Guys I have to say my way of managing BFS after all these weeks of researching is simple: Im treating it like a viral infection. That means I have been boosting my immune system with every trick in the book I know of to benefit my body. "Whol-istic" approach. Everything. Perfect sleep. Perfect Exercise (this means NO over-exertion. fitness only to the point that its slightly difficult, then rest, rest, rest, rest. Repeat ...), juicing organic vegetables daily, plenty of liquids (that are fortified with potassium and sodium in very minimal amounts), Gatorade 3x a day (just because it helps and only God knows why). Basically giving my body the biggest "pampering" of the century.

Regarding exercise - if anyone cares - its so important to do only that which you can tolerate. And not even just during the workout. Its what you can tolerate 24 hours later. How you feel the next day, and the day after is what matters the most. That means if you do a workout, and you are shaking and spasming and seriously unwell 24-48 hours later, you need to do *half* that workout the next time around. Here are some tips that I have had success with over the last 8 weeks:

1) Exercise only to the point that you only feel a little fatigued the next 2 days. If you are worse than that, you did too much.

2) Write down your first workout. Write everything you did. The exercise, the weight, and how many times.

3) Do a whole body workout. Try to hit every muscle group. This doesn't mean kill yourself. It just means do circuit training. The logic here? Your muscles all over are suffering. Movement not only improves nerve regeneration but it also generates new mitochondria in muscles. NEW is what we need right now because EXISTING cells are malfunctioning. So do one set of shoulder press. One set of bench press. One set of incline bench. One set of back pulls. One set of pull downs. One set of chest flys. One set of squats with a bar. One set of thigh "curls". One set of rear leg "curls" (machine). Then walk on the treadmill. Try to get a full, well rounded thing in place.

4) Only do 1 set of everything. There is no need to push it. You want movement. You want slight resistance. The workout may be a total joke. Good ... in 3 days you can kick up the weight on everything by another 5lbs. Then see how you feel 24-48 hours later. But 1 set of every muscle group.

5) Have Gatorade handy. Your muscles MAY have a channelopathy going on. I posted about this in another thread. This means you may have some sodium/potassium malfunctioning going on in your muscles, causing this. The importance of saturating them with glucose, sodium, and potassium is right then. During and after that workout. Get some and saturate them while you exercise. I promise its going to help somehow.

6) Have a post workout nourishment. I use Cytogainer. Creatine is huge for muscle dysfunctions. Cytogainer gives me a full carb / protein / glutamine / creatine mix that goes right in after the workout and replenishes and strengthens.

7) Eat to nourish in between workouts. Saturate your muscles with vegetables and nutrients. Sleep. Sleep. Sleep.

7.5) Watch this: http://www.youtube.com/watch?v=KLjgBLwH3Wc

8 ) How much weight? I normally press 75lbs above my head with dumbbells (each hand) for shoulder presses. Four sets of them, 8 reps. The last 8 weeks? I picked 25lbs dumbbells. One set. 10 reps. Then put them down. But that was too much. The next day I felt like I wanted to die. So weak. So the next workout? only 5 reps of everything. It was too easy. But a day later I actually felt okay. And the next time I felt even better. You have to listen to your body. But my weight was cut down to 30% of my previous. When i first started out? I was doing 10lb dumbbells. So I had cut it even more initially. I call them grandma workouts and that's what they are! :lol: So keep the weight to ONLY what you can do 10 reps of very easily.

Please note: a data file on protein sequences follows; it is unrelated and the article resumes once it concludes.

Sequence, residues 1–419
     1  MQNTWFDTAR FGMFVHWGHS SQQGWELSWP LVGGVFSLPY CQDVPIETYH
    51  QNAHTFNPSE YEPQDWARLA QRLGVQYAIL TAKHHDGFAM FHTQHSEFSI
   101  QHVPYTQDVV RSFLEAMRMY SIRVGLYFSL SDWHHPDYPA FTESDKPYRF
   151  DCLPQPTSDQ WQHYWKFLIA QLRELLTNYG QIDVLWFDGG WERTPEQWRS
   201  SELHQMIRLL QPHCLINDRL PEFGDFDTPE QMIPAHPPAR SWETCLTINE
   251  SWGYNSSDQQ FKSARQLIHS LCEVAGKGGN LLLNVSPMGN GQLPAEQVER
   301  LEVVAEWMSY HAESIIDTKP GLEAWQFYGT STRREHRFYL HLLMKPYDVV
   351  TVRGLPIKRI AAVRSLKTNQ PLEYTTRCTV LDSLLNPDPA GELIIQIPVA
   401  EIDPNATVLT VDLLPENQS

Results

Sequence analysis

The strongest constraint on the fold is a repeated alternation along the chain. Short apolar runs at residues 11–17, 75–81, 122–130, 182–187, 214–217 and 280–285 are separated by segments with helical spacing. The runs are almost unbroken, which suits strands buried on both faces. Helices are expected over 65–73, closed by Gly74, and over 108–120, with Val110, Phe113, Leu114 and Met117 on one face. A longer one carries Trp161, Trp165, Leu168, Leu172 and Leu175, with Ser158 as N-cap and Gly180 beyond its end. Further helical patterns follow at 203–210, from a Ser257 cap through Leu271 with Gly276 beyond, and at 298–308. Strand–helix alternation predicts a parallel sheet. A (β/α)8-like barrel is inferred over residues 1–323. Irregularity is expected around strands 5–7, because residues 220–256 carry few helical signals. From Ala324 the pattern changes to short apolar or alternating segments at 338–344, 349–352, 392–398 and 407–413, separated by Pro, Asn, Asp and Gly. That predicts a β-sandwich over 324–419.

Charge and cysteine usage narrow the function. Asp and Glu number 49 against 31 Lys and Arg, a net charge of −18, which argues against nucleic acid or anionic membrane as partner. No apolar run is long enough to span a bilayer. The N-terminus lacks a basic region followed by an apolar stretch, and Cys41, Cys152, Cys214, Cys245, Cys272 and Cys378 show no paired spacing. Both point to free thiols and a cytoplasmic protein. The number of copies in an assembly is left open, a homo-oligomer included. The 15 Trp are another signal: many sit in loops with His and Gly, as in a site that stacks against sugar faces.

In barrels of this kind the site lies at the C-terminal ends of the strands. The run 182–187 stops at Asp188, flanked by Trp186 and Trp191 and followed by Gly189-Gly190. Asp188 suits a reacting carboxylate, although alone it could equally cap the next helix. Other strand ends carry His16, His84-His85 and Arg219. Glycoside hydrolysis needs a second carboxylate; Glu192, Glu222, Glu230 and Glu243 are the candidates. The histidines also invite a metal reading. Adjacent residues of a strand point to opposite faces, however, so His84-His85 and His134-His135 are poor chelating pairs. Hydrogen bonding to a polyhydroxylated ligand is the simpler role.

9) Treadmill - im still going on 8 weeks and im only at 7 1/2 minutes. Walking. I had to work up to that too. Believe me. I am doing speed 3.0 ... incline 5.0 ..... 7 1/2 minutes. Sometimes my left foot acts up and i can feel it vibrating like crazy while im walking. But it was not until I started this "every 4 days" workout regimen that my calf which was cramped for 2 months finally released. And it hasn't come back. I was convinced this was my first MS symptom too...

10) Salt baths. You will probably never feel something so wonderful as if you do these workouts and then go have a salt bath right before bed. Its the most relaxing, therapeutic thing on earth. Highly recommended. Couldn't have done it without them. I prefer Dead Sea salts. Unbelievable. Epsom is a distant second.

So that's what I am doing. And its working. I had lost nearly 20lbs .... Down from 198 to 180 .... told the doctors i had cancer .... or ALS ....
After 6-8 weeks of this very slow, methodical, gradually increasing regimen I weighed in at 189 today. Up 9 lbs .... see!
How I resolved my BFS within 1 year of onset:

viewtopic.php?f=3&t=19128
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Re: The importance of movement.

Postby chicagobfs on December 27th, 2012, 12:58 pm

You told the doctor that you have a cancer?
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Re: The importance of movement.

Postby SuziQ on December 27th, 2012, 8:40 pm

BFSBurger wrote:When my BFS hit, I felt that inactivity was necessary for my symptoms. I still feel that to be somewhat true. At least for the first few weeks. Allowing my body to cool down, and my nerves to settle I think was integral to keeping it from getting much worse, very quickly.

Unfortunately I decided to stay inactive for 2 full months. I work from home, so I sat on my couch literally all day, with my laptop, and worked. I didn't go anywhere. I stopped exercising. And i intentionally did not move.

Tonight I am watching a special on Mars missions. They are discussing the adverse effects of zero gravity. They started talking about muscle atrophy due to lack of use, and the numbers were shocking. One astronaut who spent only 12 days in space collapsed on stage when she arrived home while speaking to the press. Astronaut Jerry Lindinger spent 5 months in space and lost over 65% of his muscle strength. He could lift 100lbs beforehand. Afterwards he couldn't lift 30lbs. Additionally, bone loss happens rapidly. 2 years in space would result in a 40 year old man returning to earth with the bones of a 90 year old.